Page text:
Confidence Lost / Confidence Found: How to Reclaim the Unstoppable You serves up 27 bite-sized chapters full of relatable stories and simple exercises that offer a road map for building and maintaining authentic confidence.
The book guides readers through easy to understand exercises to increase eight attitudes to enlarge their confidence. These attitudes include assertiveness, self-compassion, and authenticity. The author also provides tools to minimize five self-sabotaging behaviors that erode confidence. Readers learn how to defeat the Imposter Syndrome, muzzle their inner critic, tame their perfectionism, and release painful thoughts that cling like ivy.
Using that foundation, McGuinness gives simple, point-by-point instructions to proceed confidently when networking, interviewing for a job, receiving a performance review, public speaking, and even looking in the mirror.
Additionally, fifty-two weekly confidence challenges are included to ensure that the confidence readers build as they work the exercises stays with them.
Real-life examples and road-tested experiential practices guide readers on a path to lasting change. McGuinness inspires women to live with authentic confidence and awaken their sleeping goals. Confidence Lost / Confidence Found will change how readers approach their days and live their lives.
McGuinness makes some attempt to invoke neuropsychological and sociological underpinnings for low confidence and self-esteem in women, but readers are unlikely to be persuaded by unscientific-sounding statements such as the assertion that women have more neurons “in the region [of the brain] known as the worrywart center.” (The book’s endnotes give sources, but magazine articles and self-help books outnumber peer-reviewed scientific studies.) However, McGuinness’s exercises are sound. She recommends deliberately taking note of moments of personal success, such as using an achievement as small as fixing a printer’s paper jam to fight back against a critical inner voice that says “I’m bad at mechanical stuff,” and developing confident body language. She skillfully gives depth to commonplace tips on dealing with situations such as interviewing for jobs and speaking in public.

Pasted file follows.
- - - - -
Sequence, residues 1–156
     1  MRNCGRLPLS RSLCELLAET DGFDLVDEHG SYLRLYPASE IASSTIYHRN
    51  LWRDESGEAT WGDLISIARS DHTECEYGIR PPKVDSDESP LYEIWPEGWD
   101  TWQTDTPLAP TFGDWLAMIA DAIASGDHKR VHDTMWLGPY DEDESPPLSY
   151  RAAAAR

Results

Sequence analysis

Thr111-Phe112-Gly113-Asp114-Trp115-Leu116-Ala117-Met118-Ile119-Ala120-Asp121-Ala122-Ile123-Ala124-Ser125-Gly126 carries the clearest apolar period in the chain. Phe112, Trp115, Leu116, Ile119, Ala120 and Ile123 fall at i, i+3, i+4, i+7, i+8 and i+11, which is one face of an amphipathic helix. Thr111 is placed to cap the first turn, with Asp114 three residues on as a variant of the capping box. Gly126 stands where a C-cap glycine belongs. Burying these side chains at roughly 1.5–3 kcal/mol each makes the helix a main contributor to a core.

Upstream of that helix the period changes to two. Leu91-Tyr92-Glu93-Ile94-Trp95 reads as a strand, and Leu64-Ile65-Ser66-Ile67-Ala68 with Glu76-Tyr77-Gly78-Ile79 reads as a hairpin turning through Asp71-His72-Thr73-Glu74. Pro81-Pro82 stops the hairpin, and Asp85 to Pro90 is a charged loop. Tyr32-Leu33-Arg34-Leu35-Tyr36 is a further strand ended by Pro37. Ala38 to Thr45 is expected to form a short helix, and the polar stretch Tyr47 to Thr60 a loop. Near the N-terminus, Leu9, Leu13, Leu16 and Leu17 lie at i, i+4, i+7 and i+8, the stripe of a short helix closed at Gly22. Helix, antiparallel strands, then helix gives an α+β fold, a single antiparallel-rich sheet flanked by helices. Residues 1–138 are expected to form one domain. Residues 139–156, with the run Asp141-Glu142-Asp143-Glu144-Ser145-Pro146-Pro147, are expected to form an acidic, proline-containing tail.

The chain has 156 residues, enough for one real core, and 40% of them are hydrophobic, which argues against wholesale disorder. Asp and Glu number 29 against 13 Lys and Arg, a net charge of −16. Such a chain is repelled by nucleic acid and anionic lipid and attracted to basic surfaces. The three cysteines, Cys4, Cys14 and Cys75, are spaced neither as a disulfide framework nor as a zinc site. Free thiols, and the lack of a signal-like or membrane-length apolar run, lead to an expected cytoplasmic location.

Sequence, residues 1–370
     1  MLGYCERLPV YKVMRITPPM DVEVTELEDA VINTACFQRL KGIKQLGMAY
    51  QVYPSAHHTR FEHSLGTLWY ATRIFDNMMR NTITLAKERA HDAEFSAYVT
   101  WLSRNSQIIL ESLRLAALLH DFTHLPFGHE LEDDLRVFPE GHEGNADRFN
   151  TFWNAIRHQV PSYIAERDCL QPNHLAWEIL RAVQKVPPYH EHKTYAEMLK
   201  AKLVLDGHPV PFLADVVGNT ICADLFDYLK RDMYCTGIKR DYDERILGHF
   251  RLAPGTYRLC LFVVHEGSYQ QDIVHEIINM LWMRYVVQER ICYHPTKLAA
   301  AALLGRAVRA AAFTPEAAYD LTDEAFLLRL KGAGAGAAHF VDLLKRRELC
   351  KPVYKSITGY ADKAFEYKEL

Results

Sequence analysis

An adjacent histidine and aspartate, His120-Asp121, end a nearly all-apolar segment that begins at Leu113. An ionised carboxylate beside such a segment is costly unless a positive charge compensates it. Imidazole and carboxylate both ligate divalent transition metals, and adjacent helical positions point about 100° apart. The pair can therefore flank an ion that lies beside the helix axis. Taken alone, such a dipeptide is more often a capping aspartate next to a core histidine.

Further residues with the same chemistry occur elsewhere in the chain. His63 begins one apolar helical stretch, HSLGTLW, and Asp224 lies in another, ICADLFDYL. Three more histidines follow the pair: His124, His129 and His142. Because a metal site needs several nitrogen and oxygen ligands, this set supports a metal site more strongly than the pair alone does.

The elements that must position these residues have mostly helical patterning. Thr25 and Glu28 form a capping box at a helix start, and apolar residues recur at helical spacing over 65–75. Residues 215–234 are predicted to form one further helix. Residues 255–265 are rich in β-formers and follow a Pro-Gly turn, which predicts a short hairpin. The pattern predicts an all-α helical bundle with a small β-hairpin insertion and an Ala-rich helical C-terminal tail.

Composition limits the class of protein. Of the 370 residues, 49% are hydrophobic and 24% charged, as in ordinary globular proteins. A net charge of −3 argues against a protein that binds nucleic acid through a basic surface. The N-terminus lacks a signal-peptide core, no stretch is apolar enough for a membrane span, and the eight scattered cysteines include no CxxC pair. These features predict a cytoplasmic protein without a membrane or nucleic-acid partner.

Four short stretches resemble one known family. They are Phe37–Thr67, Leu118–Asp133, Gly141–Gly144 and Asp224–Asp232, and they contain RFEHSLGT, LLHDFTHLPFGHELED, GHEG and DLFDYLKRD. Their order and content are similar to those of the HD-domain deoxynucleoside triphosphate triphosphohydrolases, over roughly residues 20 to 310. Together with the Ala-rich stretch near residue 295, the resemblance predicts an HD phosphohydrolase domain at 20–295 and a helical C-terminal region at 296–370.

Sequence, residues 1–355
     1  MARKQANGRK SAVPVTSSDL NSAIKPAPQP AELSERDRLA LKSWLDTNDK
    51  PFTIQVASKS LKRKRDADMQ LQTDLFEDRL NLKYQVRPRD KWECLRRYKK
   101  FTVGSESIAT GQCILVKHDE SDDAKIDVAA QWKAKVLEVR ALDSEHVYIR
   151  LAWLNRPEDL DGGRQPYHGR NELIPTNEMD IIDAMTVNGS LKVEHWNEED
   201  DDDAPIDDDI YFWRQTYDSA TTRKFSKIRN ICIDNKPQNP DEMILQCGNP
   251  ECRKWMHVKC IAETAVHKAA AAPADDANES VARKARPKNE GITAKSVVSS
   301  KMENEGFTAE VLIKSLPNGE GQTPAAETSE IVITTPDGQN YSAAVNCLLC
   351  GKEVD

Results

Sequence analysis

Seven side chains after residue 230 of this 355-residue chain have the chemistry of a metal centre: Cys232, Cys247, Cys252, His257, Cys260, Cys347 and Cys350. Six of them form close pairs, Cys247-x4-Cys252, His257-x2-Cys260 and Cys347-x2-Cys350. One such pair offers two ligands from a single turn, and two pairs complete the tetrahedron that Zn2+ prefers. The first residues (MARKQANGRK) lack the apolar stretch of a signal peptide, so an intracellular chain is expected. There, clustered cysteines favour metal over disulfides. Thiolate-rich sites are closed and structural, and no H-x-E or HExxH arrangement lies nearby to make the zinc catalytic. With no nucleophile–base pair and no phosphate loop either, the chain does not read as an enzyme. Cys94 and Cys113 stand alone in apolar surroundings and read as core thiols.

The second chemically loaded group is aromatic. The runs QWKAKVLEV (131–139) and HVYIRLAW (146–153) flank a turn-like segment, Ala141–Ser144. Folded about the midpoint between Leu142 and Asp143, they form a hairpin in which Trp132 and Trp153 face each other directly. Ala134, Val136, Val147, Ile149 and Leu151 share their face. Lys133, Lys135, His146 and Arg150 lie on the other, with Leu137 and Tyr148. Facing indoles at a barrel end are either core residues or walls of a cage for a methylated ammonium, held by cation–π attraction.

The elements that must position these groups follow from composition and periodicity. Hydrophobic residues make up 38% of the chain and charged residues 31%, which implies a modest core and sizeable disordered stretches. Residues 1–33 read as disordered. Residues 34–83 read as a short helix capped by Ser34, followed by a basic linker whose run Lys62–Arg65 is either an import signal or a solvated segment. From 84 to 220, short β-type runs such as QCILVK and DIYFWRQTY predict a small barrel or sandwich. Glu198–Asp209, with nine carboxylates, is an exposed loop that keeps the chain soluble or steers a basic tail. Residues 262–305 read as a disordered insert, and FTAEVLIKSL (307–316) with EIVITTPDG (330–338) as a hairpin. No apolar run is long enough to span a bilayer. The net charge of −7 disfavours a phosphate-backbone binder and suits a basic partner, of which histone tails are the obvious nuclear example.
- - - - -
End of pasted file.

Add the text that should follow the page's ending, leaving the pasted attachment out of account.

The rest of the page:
McGuinness’s advice and drills are practical, and she’s always mindful of the issues many women face in their efforts to overcome their own inner doubts. As useful as all the material is, readers might wish for less densely packed pages, as each one sometimes feels full to overflowing with information and suggestions. Readers who recognize their own struggles in these pages will find that many of McGuinness’s methods make upcoming challenges easier to face.
Takeaway: Women who struggle to believe in themselves will discover many useful tips in this practical guide to building and sustaining self-esteem.
Great for fans of Nathaniel Branden’s Six Pillars of Self-Esteem, Jen Sincero’s You Are a Badass.
Design and typography: C
Marketing copy: A